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View Diary: Rich white kids: The wave of the charter school future? (105 comments)

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  •  Public education is just another pile of money (21+ / 0-)

    that evil rich people want to steal.

    Evil in America is winning.

    nosotros no somos estúpidos

    by a2nite on Fri Nov 08, 2013 at 07:58:51 AM PST

    •  But if we didn't have charter schools like that .. (4+ / 0-)

      ... and if we couldn't force the poor to give birth, or deny them any help while they grow up hungry and impoverished, we would have to pay to have our slaves shipped into this country instead of harvest them ourselves from pure white Christian American stock!

      Then where would we be?

    •  True that (8+ / 0-)

      I have been saying for years that charter schools and voucher programs are just a way to transfer education dollars from everyone to a selected few.  People counter with open admission and help every parent afford private school.  I counter with requirement that filter out unwanted students and races, which is well documented, and the good private schools , that everyone wants to go to, can charge arbitrarily high rates so that vouchers do not matter.  For instance, when a school charges tuition and fees are $25K a year, there is little that keeps from raising prices to 30K a year to keep vouchers from making a difference.  Parents will find the money to keep their kids in.

      What these school will effect are the lower level private schools and new school like charters who have no real intention of educating, just luring the white middle and lwoer middle class.  I went to one of these school for a couple years.  The purpose was to segregate, and as soon as this was realized I went to a better public school.  That private school was the first of a very times that whites were a clear majority in my school.

      The other problem, as noted, however, is very real.  These schools tend to take the easiest and cheapest students to educate.  Unlike advanced academic public schools, they do not tend to put the money saved into additional resources.  So the public schools are going to have to educate the more challenging students, which frankly is their job, but it is going to look like public schools are less efficient because the cost per student will go up.

      •  I saw this movie years ago. (4+ / 0-)

        In Philadelphia 1970s and 1980s I attended nearly all-white elementary and high schools, only we didn't call them charter schools, we called them Catholic schools. The majority of the middle class white population in the City of Philadelphia was Catholic and for the most part Catholics didn't use the public school system. As a result of this segregation, the public schools became a dumping ground for the kids that didn't matter. Now the children and grandchildren of those same white Catholic families have moved out of the city so that the next generation can attend nearly all-white public schools in the suburbs. Now the City of Philadelphia is two cities in one: middle class and affluent white people who either don't have school age children or who pay tuition for private school, and the mostly non-white poor people who are stuck using lousy public schools.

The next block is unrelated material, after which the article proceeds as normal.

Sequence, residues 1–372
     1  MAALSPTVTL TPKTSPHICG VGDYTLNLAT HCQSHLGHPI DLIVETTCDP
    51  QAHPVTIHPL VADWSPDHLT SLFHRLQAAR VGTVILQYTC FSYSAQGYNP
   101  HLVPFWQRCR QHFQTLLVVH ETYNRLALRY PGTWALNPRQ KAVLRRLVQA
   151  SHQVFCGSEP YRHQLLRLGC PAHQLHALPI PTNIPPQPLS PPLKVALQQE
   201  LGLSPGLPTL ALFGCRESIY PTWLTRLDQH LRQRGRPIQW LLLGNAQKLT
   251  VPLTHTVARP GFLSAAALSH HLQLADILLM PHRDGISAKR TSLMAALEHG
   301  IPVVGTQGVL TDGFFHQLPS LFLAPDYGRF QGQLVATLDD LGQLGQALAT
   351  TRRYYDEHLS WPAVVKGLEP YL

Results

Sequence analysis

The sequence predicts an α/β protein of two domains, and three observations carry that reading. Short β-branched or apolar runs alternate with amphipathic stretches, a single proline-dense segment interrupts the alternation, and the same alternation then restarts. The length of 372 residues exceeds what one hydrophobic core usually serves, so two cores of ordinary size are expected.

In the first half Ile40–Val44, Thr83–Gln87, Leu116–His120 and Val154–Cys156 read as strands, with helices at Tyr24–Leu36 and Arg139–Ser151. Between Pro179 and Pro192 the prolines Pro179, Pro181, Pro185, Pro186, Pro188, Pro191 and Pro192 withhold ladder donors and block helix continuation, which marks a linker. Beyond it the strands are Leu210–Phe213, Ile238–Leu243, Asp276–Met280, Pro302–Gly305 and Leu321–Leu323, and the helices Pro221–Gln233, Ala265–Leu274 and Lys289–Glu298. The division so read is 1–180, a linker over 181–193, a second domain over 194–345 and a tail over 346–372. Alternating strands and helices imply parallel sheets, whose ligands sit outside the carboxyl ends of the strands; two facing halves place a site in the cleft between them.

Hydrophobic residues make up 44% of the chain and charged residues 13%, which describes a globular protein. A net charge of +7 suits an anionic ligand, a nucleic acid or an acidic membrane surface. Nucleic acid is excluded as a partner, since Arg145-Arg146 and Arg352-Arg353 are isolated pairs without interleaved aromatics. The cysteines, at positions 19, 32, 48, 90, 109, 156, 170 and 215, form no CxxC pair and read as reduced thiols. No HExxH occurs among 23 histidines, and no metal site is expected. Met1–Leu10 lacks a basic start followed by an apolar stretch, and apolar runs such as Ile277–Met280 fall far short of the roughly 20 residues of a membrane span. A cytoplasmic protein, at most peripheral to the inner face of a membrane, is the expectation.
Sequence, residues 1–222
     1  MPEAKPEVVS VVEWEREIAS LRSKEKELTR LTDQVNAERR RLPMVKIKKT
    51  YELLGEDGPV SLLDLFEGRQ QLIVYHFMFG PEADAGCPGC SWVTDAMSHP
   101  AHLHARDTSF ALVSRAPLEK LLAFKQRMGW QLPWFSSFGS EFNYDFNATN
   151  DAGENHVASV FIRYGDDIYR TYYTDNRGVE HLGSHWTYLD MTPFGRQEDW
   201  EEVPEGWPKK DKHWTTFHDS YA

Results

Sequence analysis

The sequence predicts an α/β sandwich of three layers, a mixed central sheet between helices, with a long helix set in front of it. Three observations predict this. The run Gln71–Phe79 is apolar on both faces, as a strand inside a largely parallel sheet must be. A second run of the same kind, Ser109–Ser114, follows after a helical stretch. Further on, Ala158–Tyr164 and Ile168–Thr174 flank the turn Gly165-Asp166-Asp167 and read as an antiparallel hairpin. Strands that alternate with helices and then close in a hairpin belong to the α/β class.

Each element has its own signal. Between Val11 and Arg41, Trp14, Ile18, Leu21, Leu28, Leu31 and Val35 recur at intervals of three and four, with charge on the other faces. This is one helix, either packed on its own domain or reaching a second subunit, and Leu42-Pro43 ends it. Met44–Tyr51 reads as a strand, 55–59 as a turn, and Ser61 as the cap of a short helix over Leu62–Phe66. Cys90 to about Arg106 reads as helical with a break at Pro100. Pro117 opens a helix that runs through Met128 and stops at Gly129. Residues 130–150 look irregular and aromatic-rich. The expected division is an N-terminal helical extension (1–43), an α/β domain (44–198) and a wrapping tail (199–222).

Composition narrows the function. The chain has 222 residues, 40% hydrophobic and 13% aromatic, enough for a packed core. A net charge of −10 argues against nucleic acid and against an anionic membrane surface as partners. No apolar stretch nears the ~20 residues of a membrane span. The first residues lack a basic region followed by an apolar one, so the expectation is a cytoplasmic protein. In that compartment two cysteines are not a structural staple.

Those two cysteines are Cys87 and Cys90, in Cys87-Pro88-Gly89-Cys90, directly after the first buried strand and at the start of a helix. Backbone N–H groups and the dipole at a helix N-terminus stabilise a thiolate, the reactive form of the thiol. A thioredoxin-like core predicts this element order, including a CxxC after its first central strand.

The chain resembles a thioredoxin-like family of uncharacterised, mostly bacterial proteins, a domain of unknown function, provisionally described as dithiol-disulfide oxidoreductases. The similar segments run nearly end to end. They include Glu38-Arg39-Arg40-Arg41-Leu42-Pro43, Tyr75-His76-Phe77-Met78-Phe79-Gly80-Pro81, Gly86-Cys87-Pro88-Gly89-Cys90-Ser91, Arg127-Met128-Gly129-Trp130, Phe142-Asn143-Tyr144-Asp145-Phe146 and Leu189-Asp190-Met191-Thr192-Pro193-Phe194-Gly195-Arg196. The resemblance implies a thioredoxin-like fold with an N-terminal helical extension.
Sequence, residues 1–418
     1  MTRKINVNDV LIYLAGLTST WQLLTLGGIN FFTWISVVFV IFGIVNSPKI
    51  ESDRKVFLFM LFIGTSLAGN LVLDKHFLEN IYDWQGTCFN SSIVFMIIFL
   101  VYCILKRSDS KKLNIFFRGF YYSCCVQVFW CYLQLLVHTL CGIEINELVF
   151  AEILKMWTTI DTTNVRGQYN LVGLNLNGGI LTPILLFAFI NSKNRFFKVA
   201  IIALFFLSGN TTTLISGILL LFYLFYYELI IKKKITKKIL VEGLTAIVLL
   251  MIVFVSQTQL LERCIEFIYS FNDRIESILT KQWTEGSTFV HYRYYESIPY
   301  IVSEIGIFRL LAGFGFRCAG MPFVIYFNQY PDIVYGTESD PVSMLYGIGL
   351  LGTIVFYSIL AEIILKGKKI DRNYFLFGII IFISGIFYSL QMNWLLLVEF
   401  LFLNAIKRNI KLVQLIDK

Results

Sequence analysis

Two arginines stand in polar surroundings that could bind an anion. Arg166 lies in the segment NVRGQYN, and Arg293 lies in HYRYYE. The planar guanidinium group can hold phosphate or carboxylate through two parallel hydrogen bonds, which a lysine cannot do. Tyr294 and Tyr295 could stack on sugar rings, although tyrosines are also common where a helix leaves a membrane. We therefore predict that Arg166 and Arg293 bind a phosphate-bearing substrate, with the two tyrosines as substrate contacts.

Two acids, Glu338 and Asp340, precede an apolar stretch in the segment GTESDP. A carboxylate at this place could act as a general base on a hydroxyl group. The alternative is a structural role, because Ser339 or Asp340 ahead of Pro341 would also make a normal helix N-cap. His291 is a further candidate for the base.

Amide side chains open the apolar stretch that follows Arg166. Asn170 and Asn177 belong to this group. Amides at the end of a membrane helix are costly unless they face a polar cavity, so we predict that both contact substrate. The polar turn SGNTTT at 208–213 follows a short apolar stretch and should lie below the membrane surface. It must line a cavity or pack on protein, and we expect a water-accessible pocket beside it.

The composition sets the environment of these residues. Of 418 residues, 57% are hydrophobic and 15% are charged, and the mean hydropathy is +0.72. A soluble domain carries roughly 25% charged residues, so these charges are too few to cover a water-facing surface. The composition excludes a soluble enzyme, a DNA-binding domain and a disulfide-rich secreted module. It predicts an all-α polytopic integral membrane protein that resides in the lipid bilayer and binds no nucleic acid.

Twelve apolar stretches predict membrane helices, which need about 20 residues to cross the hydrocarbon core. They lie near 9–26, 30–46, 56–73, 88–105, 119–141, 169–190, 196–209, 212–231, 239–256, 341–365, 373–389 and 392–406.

"For all those whose cares have been our concern, the work goes on, the cause endures, the hope still lives and the dream shall never die." --Senator Ted Kennedy

        by Blue Silent Majority on Sat Nov 09, 2013 at 03:21:29 PM PST

        [ Parent ]

        •  Catholic Schools sprung up because of Protestants (1+ / 0-)
          Recommended by:
          Blue Silent Majority

          While the defacto result in 1970s and1980s was what you describe, there were valid reasons for the parochial school systems in the US.  In the 1930s my mom was subjected to Protestant evangelizing in her New Jersey public school, so as soon as her parents could afford to, they put her in the local parish school.

          •  Things change over time (1+ / 0-)
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            akeitz

            You make a good point about the history of Catholic parochial schools. I think the best way to look at the issue is that over the years Catholic parents sent their kids to parochial school for a number of different reasons. It just unfortunate that in the latter years Catholic Schools became a means of defacto segregation.

            "For all those whose cares have been our concern, the work goes on, the cause endures, the hope still lives and the dream shall never die." --Senator Ted Kennedy

            by Blue Silent Majority on Sat Nov 09, 2013 at 05:34:02 PM PST

            [ Parent ]

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